Sonya Meloff is co-founder of the Sales Talent Agency.
Canadian university and college students want to be entrepreneurs, marketers, teachers ... the list goes on.
One thing is becoming clearer than ever: If we want the youth unemployment rate in this country to decrease – it's double the national unemployment rate of 6.2 per cent at 12.4 – we need to realistically prepare students for the job market by opening their eyes to a career that they may never have previously considered.
Throughout my 10 years as a sales recruiter, CEOs and business leaders have expressed how eager they are to hire talented, passionate college or university graduates to sales roles. This desire lines up directly with a study from the Conference Board of Canada, which consistently lists sales as one of the top-five highest-in-demand specializations.
So why are we not preparing Canadian students for the jobs that are out there?
Positions in sales at flourishing companies, particularly at up-and-coming technology companies, are not getting filled for two main reasons:
- Not many students dream of being in sales when they grow up, because of misconceptions about the industry (used-car sales, commission-only, door-to-door, etc.).
- Select new grads applying to these roles are not qualified. There is a big gap between what students are learning in the classroom versus the needs of employers.
Sales people are capable of climbing the corporate ladder. My business partner Jamie Scarborough and I have found that about 20 per cent of the CEOs we encounter have come from sales positions.
All of these discoveries inspired us to take on a big project in 2014: the Great Canadian Sales Competition (GCSC), an initiative aimed at shedding light on the opportunities in B2B sales with the help of faculty members at universities and colleges across the country. We wrapped up the third and largest year GCSC in March, as more than 2,100 students learned about a field that likely never crossed their mind. Of the contestants surveyed, only 11 per cent of them initially wanted to pursue a sales career. After participation in the GCSC, 98 per cent would considering it.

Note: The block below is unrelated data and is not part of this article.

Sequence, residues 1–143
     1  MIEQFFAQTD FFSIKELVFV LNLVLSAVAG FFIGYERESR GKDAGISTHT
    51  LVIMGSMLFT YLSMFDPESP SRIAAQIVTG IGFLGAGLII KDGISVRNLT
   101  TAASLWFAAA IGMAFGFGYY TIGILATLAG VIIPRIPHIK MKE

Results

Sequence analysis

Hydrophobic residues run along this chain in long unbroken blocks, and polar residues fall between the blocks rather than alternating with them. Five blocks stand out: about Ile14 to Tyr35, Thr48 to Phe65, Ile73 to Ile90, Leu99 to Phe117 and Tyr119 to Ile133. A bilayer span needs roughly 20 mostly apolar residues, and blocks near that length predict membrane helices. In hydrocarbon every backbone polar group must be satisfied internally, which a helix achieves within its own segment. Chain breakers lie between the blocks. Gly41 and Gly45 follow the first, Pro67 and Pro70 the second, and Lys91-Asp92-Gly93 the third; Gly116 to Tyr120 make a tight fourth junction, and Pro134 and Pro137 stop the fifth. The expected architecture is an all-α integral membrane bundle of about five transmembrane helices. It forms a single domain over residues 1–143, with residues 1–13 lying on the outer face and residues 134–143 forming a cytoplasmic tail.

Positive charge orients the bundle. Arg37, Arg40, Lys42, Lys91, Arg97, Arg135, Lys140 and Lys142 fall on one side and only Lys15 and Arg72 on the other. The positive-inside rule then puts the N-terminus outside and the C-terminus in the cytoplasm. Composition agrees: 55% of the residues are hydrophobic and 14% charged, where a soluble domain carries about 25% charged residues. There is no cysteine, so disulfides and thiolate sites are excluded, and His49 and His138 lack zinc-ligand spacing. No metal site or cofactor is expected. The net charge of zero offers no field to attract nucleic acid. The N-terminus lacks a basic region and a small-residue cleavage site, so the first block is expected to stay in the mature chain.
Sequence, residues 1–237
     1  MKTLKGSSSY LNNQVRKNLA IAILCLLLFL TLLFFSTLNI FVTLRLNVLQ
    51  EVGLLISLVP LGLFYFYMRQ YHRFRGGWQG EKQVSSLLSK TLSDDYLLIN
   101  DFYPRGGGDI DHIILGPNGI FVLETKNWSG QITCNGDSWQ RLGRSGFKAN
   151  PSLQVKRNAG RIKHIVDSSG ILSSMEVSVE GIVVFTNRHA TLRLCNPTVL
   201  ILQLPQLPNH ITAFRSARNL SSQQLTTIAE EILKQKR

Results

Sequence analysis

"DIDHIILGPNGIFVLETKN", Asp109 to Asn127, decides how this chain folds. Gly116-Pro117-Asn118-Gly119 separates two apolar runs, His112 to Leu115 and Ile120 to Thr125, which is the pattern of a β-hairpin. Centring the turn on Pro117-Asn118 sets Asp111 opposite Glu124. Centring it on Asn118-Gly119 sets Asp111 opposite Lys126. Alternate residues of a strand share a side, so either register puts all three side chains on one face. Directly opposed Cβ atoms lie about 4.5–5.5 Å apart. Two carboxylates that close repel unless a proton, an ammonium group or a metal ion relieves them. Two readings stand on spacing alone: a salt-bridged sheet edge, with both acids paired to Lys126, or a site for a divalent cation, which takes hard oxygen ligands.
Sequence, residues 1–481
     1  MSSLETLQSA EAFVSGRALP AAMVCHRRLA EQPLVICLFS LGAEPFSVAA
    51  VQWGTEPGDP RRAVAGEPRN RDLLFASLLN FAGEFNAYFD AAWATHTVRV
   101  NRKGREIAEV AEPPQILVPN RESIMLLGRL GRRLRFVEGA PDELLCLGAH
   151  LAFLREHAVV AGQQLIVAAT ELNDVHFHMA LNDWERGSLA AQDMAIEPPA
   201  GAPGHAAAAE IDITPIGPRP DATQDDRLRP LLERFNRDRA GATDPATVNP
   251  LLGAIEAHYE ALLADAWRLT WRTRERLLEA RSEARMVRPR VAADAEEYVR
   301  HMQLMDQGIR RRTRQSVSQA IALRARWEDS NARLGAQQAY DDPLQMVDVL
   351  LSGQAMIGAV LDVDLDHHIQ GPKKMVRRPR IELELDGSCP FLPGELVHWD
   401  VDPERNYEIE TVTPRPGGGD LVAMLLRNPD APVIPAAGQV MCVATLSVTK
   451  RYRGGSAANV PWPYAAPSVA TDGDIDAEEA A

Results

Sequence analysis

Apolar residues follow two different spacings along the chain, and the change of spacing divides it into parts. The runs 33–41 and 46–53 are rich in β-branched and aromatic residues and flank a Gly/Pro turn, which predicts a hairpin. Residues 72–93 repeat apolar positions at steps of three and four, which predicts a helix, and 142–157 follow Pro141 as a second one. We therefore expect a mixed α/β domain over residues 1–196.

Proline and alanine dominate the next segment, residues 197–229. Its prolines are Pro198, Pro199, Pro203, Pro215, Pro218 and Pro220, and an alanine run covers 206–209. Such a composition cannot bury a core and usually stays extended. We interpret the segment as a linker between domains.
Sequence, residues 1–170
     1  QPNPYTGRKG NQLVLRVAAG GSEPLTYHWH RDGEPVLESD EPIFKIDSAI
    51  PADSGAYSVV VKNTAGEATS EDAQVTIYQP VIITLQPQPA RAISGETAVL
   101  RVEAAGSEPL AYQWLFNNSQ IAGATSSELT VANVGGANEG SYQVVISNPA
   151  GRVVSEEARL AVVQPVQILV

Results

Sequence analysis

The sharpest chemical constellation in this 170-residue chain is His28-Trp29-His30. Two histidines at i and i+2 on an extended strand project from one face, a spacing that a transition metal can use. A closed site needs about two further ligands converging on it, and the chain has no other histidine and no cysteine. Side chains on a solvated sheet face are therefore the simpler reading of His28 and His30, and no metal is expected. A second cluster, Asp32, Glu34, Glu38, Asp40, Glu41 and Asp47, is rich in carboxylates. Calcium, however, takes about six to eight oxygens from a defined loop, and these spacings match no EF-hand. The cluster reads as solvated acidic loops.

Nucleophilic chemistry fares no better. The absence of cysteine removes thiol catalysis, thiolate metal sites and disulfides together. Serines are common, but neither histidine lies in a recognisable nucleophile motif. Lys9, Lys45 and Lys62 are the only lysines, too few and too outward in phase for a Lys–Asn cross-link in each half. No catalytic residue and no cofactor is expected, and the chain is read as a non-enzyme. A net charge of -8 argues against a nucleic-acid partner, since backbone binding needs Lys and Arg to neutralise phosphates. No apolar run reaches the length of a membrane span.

Over the past three years, our program has grown from just 215 submissions to 2,187. Educators are starting to realize that sales is a career that is not being highlighted to students; in turn, they are not being properly prepared for modern job opportunities.
Bruce Anthony is the program head of the Professional Sales program at the British Columbia Institute of Technology (BCIT), a postsecondary institution offering a Professional Sales Diploma. He says the program originally had 18 students enrolled in 1980, and today graduates an average of 50 students each year, with three companies hiring per one student enrolled. Moreover, they teach selling skills in other programs, including Engineering.
Since 2014, we have built awareness on campuses and spoken with college administrators across Canada. But these efforts would be much more successful if they were mirrored by program directors who can prioritize the creation of programs that focus on sales education.
Another advocate is Linda Traill, a professor and co-ordinator of the B2B Corporate Account Management Graduate Certificate at Centennial College in Toronto. She's also the brains behind the Marketing: Corporate Account Management program advisory committee (PAC) at the School of Business. She's aiming to raise the profile of the sales profession through a graduate certificate program and by exposing students to opportunities in the field.
Derek Spence, professor at the School of Business and Management at Niagara College (Ontario), is researching what employers are looking for in future employees and how schools can better prepare students for their future. He says that once students go through the program, about 60 to 70 per cent of graduates land sales roles. Their opinions about the career shift positively from when they first start because they understand the opportunities. Our goal is to ensure that students across the country are landing jobs right after graduation – jobs they are passionate about, in organizations they can excel in.
Every post-secondary institution, particularly with business courses, should implement some type of B2B sales course or project element to their programs to pull the curtain back on this often misunderstood field.
Executives, educators and human resources experts contribute to the ongoing Leadership Lab series.